Skip to main content

Grendel's Mother by Diana Stout: A Book Review

Grendel’s Mother
Author: Diana Stout
Genre: Historical Fiction, Fantasy
Publisher: Sharpened Pencils Productions
Release Date: March 16, 2016
Pages: 113
Source:  This book was given to me by the author in exchange for an honest review.
Synopsis: A 15-year-old girl dreams of freedom, with a desire to marry the young man she loves. A horrific event changes her life forever. Pregnant and having brought shame to her family and community, she is sacrificed to the dragon to die, but instead, the dragon saves her unbeknownst to her family and the community. 

     This literary novel reveals a journey of societal injustice, a girl's love for Nature that enables her to survive life in the wild alone, of her giving birth and raising a baby—deemed a monster—entirely on her own. 

     In the end, not only does she battle Grendel to keep him safe, but she battles her son’s killer, Beowulf, as well. 

     My Review: Grendel’s Mother is one of the main antagonists in Beowulf. While reading the tale, the reader always cheers in delight when Beowulf kills Grendel’s Mother. Yet, is Grendel’s Mother really a monster or a villain? There is hardly any information about Grendel’s Mother, and she does not make an appearance till after Grendel is dead. In this novel, Grendel’s Mother is portrayed as a victim of injustice in a brutal world and a patriarchal society.

     Grendel’s Mother is unnamed and she narrates this story. In this story, she dreams of a happy future and dreams of being married to her young lover. However, she eventually realizes that she does not have the future she deserves. For as a woman, she is merely regarded as a chattel and a pawn for a stronger marriage alliance. One day, after a horrible event, she finds herself pregnant out of wedlock. Because of this, she is ordered to be sacrificed to a dragon. However, the dragon does not kill her, and helps her escape. Soon, Grendel’s Mother must learn to survive on her own.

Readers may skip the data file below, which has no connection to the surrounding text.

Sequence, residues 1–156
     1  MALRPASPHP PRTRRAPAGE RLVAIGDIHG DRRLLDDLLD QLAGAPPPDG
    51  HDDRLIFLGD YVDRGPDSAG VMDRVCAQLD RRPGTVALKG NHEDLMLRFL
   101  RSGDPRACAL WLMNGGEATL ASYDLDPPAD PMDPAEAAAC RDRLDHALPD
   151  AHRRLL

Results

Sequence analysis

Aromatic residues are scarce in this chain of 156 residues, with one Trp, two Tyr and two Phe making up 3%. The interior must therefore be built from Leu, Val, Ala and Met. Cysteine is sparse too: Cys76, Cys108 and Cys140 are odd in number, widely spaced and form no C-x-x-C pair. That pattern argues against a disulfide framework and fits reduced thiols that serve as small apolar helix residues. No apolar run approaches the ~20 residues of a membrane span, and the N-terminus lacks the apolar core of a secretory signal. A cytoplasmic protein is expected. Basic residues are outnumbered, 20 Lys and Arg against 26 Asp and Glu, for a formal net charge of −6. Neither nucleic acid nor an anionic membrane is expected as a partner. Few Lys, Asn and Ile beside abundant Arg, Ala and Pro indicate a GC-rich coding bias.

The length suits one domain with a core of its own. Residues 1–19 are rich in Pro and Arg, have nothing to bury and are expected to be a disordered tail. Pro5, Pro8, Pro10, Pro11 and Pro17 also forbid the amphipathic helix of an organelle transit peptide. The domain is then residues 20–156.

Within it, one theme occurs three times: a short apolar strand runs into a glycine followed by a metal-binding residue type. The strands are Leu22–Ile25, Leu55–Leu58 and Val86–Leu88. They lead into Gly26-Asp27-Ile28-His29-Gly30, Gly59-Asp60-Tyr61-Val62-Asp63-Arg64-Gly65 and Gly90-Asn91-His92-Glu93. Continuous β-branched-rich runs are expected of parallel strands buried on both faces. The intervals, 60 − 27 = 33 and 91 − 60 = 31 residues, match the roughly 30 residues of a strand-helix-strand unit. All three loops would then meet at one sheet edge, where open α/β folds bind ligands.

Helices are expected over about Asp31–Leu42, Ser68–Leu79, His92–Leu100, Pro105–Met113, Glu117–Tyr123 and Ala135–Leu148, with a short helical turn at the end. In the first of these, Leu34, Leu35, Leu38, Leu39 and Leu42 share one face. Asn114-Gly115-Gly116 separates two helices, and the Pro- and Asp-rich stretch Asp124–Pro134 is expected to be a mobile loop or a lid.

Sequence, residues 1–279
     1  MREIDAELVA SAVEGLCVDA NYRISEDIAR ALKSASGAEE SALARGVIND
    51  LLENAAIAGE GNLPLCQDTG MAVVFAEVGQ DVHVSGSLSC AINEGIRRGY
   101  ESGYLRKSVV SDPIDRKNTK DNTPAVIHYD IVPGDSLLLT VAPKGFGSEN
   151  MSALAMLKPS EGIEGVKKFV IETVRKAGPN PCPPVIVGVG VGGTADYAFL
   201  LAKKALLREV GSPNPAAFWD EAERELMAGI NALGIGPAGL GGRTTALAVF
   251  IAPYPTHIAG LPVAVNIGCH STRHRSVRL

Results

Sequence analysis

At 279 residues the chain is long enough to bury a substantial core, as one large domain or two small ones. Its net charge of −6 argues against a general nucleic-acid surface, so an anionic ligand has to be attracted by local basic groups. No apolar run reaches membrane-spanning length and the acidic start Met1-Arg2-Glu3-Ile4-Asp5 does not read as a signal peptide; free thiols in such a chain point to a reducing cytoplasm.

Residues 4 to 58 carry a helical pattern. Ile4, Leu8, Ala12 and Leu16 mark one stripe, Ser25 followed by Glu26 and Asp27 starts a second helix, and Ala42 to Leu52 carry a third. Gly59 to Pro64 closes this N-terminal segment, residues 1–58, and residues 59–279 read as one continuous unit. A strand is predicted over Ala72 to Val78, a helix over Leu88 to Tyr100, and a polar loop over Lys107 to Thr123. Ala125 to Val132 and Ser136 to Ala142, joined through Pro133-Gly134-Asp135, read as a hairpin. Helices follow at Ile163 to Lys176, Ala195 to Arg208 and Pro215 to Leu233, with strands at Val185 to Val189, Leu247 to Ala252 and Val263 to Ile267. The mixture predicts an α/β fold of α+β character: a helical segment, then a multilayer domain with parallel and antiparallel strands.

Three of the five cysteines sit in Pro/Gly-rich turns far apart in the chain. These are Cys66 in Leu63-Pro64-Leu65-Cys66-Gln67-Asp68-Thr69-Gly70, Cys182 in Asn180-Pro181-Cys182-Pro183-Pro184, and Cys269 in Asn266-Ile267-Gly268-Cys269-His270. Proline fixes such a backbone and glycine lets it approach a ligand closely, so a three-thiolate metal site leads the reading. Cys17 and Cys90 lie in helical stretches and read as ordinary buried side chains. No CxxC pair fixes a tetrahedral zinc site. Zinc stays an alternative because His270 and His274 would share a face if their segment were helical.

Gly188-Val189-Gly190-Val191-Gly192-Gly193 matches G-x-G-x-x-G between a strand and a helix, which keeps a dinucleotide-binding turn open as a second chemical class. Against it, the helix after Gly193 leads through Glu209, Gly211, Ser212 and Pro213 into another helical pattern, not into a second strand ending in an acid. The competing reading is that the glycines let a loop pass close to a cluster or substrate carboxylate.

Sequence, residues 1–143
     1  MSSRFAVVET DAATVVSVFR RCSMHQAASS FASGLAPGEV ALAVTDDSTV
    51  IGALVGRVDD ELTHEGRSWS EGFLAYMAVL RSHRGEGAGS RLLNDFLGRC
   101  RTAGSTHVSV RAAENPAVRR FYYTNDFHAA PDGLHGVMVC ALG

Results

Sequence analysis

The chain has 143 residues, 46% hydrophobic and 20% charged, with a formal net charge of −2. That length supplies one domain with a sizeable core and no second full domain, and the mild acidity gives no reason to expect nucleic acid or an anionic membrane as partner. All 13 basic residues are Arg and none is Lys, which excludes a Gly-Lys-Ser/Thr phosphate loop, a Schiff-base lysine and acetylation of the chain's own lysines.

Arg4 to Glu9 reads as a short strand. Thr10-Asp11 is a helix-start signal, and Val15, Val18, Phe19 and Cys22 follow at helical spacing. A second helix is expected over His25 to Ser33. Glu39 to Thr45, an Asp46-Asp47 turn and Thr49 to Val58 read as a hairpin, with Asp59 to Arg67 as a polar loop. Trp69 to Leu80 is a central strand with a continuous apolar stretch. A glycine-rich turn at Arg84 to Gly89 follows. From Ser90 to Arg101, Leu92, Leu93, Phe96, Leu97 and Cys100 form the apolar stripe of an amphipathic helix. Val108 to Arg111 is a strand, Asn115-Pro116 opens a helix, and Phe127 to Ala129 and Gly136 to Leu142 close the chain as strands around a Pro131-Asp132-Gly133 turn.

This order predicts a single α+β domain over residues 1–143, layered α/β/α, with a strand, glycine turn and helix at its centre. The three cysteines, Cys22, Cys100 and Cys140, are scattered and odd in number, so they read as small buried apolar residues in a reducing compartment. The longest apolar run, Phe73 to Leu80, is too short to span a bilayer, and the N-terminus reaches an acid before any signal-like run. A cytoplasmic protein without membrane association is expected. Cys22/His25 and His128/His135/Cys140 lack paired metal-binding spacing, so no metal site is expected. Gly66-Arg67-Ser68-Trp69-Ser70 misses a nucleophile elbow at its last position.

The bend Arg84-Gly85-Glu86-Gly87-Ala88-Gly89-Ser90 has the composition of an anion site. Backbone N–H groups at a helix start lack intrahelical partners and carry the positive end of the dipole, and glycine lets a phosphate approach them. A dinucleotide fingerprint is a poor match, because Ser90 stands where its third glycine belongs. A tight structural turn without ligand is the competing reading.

I really loved the character of Grendel’s Mother. She is very relatable and sympathetic. At first, she is very naive and idealistic. However, due to the cruelties of life, her dreams are taken away. It is because of the injustice in her world that she hardens a hatred for those who have done her harm. I also found her to be a strong, wise, and resourceful woman. She is a woman who has not given up and fights for herself and her son. She also loves her son very much and tries her best to protect him. She is also very respectful to nature. Thus, this woman is not the monster as she is portrayed in Beowulf.

     Overall, this book is about love, family, dreams, choices, and freedom. This novel is about a woman who is trying to find peace and happiness. This novel was a very short read, and I would have liked it to be longer. I wanted more characterization of Grendel. This book also had many unanswered questions, and I would have liked them to have been resolved. Still, this was a faithful retelling of Beowulf told from a different perspective. The story is very beautifully written, and readers will admire how strong Grendel’s Mother is and experience the heart-breaking tragedy that will unfold within these short pages. I recommend this story for fans of Beowulf, origin stories about infamous villains, and survival stories.